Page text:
I had hoped this premise would be interesting when finding the film via a random Google search suggestion, then finding out it was available on Amazon Prime. I’ll just be candid and go into the details.
This film is definitely one that tries too hard to be extreme and the point ends-up being muddled by lack of coherence and weakness in details. The story is more like a play than a film in sequence. Simon James and James Simon are deliberately implied to be the same exact person and the “theft” of Simon’s life and wellbeing by James Simon’s bad habits reflect his own bad habits. It is actually Simon himself two-timing the love of his life by dating the boss’s daughter and then fooling around with other women. James Simon repeating to Hannah what Simon said to get together with her, later in the story when Simon is casually asked by the doctor about Hannah being his wife (he doesn’t dispute it), and the boss being “angry” by telling Simon that he was wrong to take advantage but not actually expressing any appropriate degree of anger for James Simon fucking his underage daughter then sending pictures throughout the company by “blaming” it on Simon James reflect that they were the same exact person the entire time. It was Simon himself who abused the trust of his boss and had sex with his underage daughter (i.e. rape), it was Simon who would have been the father of Hannah’s baby and who was married to her, and it was Simon who hurt those around him with his destructive habits due to the social pressure around him. Simon appears meek throughout it all while James is committing these horrible deeds to reflect how the perpetrator of abuse wants to feel blameless as they externalize the abuse that they give others as if they’re a different person.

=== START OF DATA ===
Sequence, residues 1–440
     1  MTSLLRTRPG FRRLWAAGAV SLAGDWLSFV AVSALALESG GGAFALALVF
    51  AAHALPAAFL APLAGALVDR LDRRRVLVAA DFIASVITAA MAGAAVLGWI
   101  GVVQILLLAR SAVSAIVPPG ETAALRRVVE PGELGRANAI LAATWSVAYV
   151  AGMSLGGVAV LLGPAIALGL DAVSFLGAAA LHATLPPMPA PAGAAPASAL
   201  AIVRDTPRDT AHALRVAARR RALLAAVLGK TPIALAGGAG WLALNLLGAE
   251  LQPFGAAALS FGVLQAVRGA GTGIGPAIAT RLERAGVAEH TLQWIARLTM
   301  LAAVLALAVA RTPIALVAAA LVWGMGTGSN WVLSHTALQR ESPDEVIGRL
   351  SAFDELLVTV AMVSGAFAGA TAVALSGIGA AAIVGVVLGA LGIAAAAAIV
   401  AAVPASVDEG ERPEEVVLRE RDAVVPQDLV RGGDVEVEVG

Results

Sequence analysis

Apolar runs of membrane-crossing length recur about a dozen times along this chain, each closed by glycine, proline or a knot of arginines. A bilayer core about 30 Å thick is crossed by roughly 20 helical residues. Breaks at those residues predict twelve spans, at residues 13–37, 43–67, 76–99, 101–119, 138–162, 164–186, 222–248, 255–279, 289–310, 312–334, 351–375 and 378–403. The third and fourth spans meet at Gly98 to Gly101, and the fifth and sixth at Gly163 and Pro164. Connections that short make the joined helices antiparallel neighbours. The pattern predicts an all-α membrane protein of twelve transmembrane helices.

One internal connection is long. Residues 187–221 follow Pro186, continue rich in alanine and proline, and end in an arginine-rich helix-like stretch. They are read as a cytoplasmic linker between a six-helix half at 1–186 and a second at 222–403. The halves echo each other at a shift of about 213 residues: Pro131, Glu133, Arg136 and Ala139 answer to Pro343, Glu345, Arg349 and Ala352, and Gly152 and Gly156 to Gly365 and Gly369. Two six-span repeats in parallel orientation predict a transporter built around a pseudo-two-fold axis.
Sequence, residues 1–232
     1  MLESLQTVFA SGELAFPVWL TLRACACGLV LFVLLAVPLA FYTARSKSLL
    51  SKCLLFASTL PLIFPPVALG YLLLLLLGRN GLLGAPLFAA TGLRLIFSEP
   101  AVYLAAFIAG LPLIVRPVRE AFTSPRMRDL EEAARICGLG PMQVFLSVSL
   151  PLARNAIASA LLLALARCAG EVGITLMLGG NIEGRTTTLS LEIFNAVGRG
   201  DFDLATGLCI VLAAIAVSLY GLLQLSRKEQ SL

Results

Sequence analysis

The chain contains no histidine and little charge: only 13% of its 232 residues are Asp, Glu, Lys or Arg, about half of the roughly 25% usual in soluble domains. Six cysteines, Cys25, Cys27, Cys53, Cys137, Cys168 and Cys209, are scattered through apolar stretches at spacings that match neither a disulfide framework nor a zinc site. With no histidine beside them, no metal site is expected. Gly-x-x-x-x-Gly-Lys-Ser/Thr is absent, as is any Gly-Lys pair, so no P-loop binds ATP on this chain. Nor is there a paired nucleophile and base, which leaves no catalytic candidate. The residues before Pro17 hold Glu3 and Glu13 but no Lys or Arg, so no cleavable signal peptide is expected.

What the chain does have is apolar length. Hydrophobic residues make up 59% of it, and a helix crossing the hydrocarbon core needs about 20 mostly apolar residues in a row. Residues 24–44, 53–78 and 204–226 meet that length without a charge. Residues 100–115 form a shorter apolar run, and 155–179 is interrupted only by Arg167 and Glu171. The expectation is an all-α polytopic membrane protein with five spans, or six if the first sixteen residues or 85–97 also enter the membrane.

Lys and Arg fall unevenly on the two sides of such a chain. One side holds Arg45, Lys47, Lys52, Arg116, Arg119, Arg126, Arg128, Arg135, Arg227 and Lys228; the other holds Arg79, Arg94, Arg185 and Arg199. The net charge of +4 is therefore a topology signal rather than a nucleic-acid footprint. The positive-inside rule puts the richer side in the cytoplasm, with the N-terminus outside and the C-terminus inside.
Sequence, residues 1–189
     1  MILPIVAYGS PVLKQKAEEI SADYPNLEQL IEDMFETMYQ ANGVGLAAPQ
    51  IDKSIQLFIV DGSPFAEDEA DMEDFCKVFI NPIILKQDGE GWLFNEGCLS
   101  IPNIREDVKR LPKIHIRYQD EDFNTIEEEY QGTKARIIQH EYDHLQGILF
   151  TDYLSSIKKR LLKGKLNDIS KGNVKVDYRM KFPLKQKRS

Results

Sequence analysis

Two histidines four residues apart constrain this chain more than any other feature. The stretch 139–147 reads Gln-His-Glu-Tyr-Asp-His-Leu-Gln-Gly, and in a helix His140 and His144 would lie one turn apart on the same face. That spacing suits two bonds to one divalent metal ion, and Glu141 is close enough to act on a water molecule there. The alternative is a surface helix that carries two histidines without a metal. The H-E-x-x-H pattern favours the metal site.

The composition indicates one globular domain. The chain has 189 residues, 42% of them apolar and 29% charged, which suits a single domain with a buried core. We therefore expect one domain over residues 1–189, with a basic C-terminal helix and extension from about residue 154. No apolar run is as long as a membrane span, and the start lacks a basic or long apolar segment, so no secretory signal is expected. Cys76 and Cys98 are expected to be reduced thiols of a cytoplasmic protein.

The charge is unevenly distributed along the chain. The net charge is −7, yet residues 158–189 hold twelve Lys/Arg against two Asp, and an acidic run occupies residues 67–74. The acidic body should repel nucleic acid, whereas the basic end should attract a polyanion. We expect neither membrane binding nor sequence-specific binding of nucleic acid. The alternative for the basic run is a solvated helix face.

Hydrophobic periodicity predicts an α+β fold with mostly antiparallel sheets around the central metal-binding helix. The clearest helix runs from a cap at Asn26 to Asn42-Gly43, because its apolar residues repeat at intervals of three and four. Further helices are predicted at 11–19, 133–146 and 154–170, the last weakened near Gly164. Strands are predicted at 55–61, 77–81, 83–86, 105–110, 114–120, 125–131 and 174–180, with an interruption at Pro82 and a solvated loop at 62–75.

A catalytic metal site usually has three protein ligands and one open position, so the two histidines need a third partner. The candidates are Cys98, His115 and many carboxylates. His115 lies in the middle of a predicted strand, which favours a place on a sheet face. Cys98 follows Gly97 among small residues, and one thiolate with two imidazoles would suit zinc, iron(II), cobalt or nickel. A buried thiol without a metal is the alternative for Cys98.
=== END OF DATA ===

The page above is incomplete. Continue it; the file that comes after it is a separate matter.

While this is an interesting critique on how people see themselves, I honestly don’t know how to feel about it or what to rate it. The boring, trite Christian symbolism obviously reflect Simon killing his darker impulses to “purify” himself at the end and the reason Hannah rushes to him is because she does indeed love him, but was hurt by his affairs and bizarre behavior of snooping into her trash until she learned what the purpose was. The only surprising part to me was that there wasn’t a “dark” Hannah that conflicted with Simon James. It would have been more interesting. Sadly, the film falls into the whole manliness stereotype that British culture is pathetically prone to embrace.
I think this film is worth watching at least once despite its flaws. I suppose I’d rate it a tentative 3 / 5.